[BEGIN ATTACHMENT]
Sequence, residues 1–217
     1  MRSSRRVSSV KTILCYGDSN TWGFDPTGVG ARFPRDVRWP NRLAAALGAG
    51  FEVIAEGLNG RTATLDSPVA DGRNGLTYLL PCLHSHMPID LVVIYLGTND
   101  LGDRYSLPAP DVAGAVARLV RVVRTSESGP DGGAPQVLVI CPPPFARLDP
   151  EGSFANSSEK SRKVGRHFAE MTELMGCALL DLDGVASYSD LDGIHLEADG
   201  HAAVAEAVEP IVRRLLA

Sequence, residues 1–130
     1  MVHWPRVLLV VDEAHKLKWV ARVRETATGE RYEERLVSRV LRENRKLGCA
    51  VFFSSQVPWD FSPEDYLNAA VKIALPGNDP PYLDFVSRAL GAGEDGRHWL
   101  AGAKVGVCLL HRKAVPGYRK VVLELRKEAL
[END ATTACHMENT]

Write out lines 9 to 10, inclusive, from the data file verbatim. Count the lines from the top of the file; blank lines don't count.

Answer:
    51  VFFSSQVPWD FSPEDYLNAA VKIALPGNDP PYLDFVSRAL GAGEDGRHWL
   101  AGAKVGVCLL HRKAVPGYRK VVLELRKEAL